I honestly can’t stomach the second decision, but I think it’s critical in understanding why Homura suddenly turns callous and opts for a more abrasive approach. But it’s clear that she has never given up on trying to save her friends.

    • I don’t think it’s calculated so much as born of exhaustion – trying to get closer and win their trust has failed so many times that she just can’t see it ever working, or possibly even muster the emotional energy for it. And she definitely uses embracing her own “coldness” as an emotional defense mechanism.

      • Ah, that makes sense. But that would make her obsession to save them something like a curse. It’s ironic and painful, but I guess that’s what makes her character all the richer. Thanks!

        • I suppose you could say we are bound by our character, our skills and abilities but also our defects. Homura was never a very communicative person, she always had problems making others understand or believe her — Madoka is apparently the only one who unconditionally sees the good person in her. Is it really that surprising that Mami, Kyōko and especially Sayaka, would have problems believing her?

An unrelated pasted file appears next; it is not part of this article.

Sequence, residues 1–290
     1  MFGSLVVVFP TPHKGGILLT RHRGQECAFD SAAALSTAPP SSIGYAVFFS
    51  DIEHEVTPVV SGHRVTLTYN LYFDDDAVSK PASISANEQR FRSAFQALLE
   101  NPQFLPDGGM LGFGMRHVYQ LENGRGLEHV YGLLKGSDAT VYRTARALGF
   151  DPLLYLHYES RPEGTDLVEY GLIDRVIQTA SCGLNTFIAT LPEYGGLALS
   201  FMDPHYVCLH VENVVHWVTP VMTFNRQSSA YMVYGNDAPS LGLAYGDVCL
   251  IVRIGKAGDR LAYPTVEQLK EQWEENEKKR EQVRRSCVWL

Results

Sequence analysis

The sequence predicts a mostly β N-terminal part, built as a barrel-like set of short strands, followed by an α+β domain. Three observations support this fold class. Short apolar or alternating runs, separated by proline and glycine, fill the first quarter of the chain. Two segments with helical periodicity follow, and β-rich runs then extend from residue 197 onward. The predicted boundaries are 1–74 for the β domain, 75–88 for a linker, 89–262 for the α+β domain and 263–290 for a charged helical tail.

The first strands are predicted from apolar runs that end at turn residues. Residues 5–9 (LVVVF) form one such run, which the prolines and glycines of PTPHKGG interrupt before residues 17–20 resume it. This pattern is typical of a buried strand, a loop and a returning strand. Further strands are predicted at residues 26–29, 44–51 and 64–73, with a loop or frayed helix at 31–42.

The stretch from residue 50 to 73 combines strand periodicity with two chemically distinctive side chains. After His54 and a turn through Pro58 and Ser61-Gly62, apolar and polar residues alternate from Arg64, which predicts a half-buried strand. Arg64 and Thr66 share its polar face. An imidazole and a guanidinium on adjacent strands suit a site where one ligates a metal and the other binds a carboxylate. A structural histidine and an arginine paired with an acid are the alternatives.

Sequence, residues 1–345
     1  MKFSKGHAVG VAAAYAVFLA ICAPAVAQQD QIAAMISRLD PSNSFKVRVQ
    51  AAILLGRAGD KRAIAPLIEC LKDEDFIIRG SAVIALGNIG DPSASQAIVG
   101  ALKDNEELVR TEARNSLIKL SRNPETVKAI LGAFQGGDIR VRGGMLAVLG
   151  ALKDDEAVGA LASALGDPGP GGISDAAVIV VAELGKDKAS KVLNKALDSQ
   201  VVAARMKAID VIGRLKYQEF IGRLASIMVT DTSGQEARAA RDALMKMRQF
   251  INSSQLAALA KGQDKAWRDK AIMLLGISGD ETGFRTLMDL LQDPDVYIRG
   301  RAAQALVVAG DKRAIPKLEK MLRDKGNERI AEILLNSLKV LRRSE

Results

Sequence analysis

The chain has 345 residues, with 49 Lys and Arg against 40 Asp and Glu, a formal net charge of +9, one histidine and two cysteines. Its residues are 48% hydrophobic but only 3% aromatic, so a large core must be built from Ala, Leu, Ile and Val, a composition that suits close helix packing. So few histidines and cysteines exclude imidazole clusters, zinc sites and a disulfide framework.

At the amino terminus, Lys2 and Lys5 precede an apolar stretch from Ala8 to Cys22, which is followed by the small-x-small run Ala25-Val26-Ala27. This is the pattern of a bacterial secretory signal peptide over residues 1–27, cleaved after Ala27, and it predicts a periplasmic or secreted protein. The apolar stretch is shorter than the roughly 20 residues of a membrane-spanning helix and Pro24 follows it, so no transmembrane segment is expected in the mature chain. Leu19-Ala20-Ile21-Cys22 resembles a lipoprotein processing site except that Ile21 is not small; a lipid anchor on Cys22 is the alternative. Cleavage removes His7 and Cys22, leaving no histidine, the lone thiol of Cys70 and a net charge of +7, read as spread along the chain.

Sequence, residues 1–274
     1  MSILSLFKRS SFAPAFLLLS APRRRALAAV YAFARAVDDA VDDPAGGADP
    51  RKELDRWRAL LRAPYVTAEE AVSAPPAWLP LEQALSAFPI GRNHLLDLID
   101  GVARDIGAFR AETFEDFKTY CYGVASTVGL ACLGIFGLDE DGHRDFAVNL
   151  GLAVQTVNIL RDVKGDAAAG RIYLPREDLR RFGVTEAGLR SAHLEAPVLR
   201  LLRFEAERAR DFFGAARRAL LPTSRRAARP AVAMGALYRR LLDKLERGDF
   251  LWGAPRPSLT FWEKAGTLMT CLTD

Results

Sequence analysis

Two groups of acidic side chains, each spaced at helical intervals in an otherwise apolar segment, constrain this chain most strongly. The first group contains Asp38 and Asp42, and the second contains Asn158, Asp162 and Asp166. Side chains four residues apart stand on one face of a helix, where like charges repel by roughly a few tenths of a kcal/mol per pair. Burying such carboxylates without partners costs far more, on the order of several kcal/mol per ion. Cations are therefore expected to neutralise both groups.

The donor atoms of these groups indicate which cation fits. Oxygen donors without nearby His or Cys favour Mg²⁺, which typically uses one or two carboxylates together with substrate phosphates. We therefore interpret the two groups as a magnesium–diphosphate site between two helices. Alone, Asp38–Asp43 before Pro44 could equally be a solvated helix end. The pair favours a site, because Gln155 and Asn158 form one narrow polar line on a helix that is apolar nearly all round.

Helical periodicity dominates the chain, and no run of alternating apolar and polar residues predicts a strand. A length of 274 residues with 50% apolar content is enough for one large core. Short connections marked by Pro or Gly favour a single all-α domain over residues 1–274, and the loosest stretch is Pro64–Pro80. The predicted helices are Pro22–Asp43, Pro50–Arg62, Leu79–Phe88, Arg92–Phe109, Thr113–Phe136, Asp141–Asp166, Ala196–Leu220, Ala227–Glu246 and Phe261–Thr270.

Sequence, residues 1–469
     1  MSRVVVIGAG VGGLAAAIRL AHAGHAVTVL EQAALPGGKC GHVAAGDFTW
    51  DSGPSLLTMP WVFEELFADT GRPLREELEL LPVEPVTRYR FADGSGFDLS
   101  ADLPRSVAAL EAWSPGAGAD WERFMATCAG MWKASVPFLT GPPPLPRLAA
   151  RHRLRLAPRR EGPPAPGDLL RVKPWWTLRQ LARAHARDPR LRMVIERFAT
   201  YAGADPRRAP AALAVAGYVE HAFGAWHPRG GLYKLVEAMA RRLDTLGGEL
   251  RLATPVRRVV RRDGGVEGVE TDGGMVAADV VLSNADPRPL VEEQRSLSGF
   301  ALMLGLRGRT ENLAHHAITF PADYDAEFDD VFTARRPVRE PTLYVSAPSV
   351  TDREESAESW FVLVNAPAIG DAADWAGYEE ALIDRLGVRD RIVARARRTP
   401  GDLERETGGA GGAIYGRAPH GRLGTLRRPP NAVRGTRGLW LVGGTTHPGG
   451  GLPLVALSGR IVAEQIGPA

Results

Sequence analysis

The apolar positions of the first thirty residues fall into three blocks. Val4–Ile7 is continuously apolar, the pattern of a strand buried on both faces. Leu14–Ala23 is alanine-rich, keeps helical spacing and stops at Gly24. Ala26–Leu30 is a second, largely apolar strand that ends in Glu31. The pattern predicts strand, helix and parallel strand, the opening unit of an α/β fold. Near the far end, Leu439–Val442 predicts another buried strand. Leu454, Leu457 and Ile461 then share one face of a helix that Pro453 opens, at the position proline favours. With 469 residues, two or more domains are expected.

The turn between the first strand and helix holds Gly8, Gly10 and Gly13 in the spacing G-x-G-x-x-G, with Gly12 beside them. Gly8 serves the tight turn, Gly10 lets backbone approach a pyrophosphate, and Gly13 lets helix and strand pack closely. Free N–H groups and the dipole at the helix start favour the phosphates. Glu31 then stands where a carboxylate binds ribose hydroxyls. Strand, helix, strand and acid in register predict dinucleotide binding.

A different person, with a different personality, might have succeeded in making all the girls believe and form a single anti-Kyūbey front. Homura, however, was not the person for this task. So she ended up resorting to other strategies. And yes, the result is much more like a curse — remember Madoka’s reaction to Kyūbey’s explanation about Homura’s predicament in Episode 11: “So you mean that, as long as she has hope, she’s doomed?” If that is not a curse, what is?